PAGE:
Yuungnaqpiallerput - The Way We Genuinely Live - Masterworks of Yup'ik Science and Survival

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121 West Seventh Ave.
Anchorage, AK 99501
(907)343-4326

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Qayak

Yuungnaqpiallermek yuucingqerrsulriim piitesciigatqapiarluku qayaq.

A person who wished to live life fully as a Yup'ik person could not be without a kayak.

--Paul John, Toksook Bay

 
 
Men usually searched long and hard for the different pieces of driftwood needed to construct a kayak frame. Even apparently good wood might be rotten inside.
 

David Martin recalled an exceptional experience: "One day I found one log for the construction of a kayak, the kind that they call natlugnerilnguq [one without flaws] with a strong and pliable stump. All the kayak parts could actually be constructed out of one log. The stump was made into the ribs, and the trunk was cut into long lengths and made into side stringers."


Murapiit Spruce DriftwoodRoot

Description

Spruce roots, both raw and split.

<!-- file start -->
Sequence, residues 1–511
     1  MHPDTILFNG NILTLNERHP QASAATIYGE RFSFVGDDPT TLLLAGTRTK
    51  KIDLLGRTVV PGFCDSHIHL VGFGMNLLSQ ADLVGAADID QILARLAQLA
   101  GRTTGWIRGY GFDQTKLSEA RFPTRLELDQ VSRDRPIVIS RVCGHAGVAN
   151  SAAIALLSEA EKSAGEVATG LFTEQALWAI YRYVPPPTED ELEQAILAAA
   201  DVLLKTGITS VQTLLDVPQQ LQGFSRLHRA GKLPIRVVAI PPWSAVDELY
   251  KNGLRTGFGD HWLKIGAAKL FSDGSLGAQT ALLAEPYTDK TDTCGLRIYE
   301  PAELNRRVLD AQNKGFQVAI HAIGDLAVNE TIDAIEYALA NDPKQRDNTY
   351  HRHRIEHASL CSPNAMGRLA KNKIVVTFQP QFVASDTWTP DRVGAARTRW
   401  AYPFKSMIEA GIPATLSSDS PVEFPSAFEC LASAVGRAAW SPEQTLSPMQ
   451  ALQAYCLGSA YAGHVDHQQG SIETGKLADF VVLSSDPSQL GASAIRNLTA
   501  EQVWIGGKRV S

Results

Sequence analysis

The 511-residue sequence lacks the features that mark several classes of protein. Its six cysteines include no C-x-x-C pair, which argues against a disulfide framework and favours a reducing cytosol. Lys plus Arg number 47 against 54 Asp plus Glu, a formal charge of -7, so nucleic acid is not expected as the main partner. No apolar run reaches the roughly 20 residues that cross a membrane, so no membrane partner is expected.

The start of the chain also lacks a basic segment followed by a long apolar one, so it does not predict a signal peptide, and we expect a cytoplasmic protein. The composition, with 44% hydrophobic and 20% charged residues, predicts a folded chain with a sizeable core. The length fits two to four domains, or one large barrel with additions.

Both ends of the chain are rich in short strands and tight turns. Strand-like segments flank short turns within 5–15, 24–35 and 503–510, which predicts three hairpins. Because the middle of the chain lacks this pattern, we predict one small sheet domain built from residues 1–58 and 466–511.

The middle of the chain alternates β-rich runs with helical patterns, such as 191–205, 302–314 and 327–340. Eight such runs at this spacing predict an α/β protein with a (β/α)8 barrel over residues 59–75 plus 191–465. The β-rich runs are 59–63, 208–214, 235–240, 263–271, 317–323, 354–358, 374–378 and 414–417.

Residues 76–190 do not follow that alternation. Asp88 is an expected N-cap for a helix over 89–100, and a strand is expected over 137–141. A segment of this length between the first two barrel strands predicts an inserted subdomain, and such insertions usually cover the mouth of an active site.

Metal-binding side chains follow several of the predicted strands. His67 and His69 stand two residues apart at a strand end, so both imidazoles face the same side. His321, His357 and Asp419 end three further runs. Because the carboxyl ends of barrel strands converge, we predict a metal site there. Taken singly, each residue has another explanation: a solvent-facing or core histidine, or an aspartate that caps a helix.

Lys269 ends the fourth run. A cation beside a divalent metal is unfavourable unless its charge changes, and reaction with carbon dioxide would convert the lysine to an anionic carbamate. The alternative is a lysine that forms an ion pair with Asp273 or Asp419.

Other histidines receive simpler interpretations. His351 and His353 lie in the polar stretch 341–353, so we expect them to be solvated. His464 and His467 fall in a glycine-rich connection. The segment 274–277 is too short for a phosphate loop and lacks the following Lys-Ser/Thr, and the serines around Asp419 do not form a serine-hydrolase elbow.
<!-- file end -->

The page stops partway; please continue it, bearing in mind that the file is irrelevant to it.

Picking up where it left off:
Frank Andrew said: "They split them and used them for twine, for kayak bindings, and to bind slate blades to the handles of curved knives. Spruce roots don't rot easily and last a long time as bindings."

Dimensions

L- 18 1/2 in
W- 5 1/4 in
H- 11 1/4 in

Credits

Anchorage Museum

 

Murapiit Spruce DriftwoodStraight Wood

Description

Straight-grained Wood

Frank Andrew said: "These pieces of straight grained wood among all the different kinds of wood are especially useful to make into things."

Dimensions

L- 29 1/4 in
W- 6 3/4 in
H- 4 in

Credits

Anchorage Museum

 

Murapiit Spruce DriftwoodStump

Description

Mimernaq/Tree stump

With natural curve and high resin content that deterred cracking, was ideal for the thicker parts of boat and kayak frames.

Dimensions

L- 31 in
W- 6 in
H- 8 in

Credits

Anchorage Museum

 

Anguarun Single-Bladed PaddleSingle Bladed Paddle

Description

Anguarun/Single-bladed paddle made by Noah Andrew and measuring one yagneq (armspan) from end to end.

Dimensions

l- 65 in
W- 6 in
Diameter- 1 in

Credits

Anchorage Museum Association Acquisition Fund, Anchorage Museum 2007

 

Paangrun Double-Bladed PaddleDouble Bladed Paddle

Description

Double-bladed paddle with Frank Andrew's inherited family design painted on the tip: "Our paddles have it'garuat [pretend feet] for designs. They paint the blade black.

The design isn't obvious but was explained as the feet of the eagle or of a common loon."

Dimensions

L- 92 1/2 in
W- 3 in
Diameter- 1 in

Credits

Anchorage Museum Association Acquisition Fund, Anchorage Museum 2007



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